Commentary

1 Billion Served: Next New Cranks Up the PR

One Billion/Next New Networks

We haven't checked with Revision 3, Blip.tv, or Mevio about whether they have served over 1 billion videos over the short life of streaming media on the Web, but Next New Networks appears to the one who came up with the bright idea of celebrating the milestone. We have to give them some PR props. The home of Web series IndyMogul, Channel Frederator and ThreadBanger is throwing a billion-videos played party. The dedicated site NextNewBillion.com has a countdown meter that invites the user to vote on the day the site will crack the big mark. A downloadable poster is a mosaic of 5,000 screen shots. The company launched in March 2007 mainly as a digital studio of Web video shows. The model has evolved a bit since then but generally it still incubates and distributes over 20 shows across the usual syndication routes online.

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The company blog reels off the numbers. Next New claims to have put out 8,000 episodes of programming in the last three years, which they calculate as 125,000 views on average per episode. They also say that their monthly views have rocketed in the first six months of this year from 32.8 million to 65.3 million. According to CEO Lance Podell in an interview at VideoNuze one of their most popular shows IndyMogul gets 5 million monthly downloads. Only about 10% of video views for the shows actually come on the destination site as "super-distribution" has become the syndication engine.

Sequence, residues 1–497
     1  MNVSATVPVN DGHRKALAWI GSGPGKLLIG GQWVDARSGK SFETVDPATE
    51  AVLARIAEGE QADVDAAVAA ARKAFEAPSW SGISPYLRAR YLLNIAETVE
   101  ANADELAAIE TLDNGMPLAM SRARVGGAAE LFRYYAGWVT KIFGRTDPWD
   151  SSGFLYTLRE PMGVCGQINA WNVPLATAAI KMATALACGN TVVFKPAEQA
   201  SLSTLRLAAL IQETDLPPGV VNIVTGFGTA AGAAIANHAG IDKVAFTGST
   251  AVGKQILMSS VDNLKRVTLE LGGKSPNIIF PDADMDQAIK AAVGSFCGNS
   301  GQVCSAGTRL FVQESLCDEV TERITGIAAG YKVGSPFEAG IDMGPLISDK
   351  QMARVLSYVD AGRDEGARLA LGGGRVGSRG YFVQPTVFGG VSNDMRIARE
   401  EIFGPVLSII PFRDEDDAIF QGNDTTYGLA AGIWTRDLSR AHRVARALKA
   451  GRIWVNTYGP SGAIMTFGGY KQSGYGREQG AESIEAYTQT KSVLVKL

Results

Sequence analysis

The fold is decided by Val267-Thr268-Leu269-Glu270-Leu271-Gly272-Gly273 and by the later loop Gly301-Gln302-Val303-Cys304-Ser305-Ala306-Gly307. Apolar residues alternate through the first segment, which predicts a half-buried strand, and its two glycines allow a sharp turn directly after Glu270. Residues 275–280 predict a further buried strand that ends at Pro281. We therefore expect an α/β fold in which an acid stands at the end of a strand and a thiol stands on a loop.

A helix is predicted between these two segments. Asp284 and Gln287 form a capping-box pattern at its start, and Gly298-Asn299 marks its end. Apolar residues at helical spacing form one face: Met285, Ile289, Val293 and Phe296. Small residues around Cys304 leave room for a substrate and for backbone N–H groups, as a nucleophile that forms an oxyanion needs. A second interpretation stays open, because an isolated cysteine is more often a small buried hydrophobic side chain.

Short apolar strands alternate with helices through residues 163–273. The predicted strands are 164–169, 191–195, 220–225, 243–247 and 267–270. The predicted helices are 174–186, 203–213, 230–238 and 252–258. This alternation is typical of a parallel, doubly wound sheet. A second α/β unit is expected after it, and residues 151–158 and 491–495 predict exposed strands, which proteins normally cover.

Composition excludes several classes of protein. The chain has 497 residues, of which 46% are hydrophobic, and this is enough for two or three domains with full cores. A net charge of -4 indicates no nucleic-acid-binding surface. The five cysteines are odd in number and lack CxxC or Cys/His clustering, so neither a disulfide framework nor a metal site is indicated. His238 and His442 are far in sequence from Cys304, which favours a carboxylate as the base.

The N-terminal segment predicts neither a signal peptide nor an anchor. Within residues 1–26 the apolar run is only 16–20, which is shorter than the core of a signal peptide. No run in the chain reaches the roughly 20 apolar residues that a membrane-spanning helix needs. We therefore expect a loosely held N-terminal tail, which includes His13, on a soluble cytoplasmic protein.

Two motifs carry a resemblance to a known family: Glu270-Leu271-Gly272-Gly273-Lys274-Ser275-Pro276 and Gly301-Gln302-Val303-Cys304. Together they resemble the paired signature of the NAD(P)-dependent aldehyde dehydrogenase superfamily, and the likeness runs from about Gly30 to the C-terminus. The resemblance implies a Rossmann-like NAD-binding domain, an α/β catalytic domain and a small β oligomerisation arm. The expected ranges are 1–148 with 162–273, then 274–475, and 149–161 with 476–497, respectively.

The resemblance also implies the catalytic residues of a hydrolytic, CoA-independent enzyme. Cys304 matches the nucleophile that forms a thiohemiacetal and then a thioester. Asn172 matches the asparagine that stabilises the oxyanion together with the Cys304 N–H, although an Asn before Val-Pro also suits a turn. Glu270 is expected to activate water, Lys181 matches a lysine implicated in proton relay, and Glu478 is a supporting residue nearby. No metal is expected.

Podell says that it is still a big challenge to engage advertisers who are at different stages of adoption of web video. Some are throwing repurposed TV at clips and others are going all in for branded entertainment. "And some, which we love the most, say 'we get the new rules, we're open to new ideas, how do we work with your community?'" he says.

Well, Web series like Next New's probably could use a little more cooperation between advertisers and content makers because the dissonance between ads and video still reigns. When I click through to the pop culture-oriented Barely Digital I see a site that was lucky enough to land a major clients like Cotton. But what are these pre-rolls of slo-mo upper-middle-class ladies loving their lives in cotton shifts doing wrapped around this send-up of Katy Perry's California Girl? Rude clowns flashing the camera, a puke cannon blowing off, and self satisfied ladies spinning through the ecstasy that is a life in cotton. An Oscar Mayer deli meat campaign for healthy eating sits beneath a banner for Red Baron frozen pizza. Pop-up overlay ads for online games show up here and there. All this for a three-minute clip.

Agreed that content providers have to monetize somehow and are at the mercy of the creative and models available. But let's face it. Billions of videos may have been served online in recent years, but that doesn't mean most video experiences are even close to what they should be.

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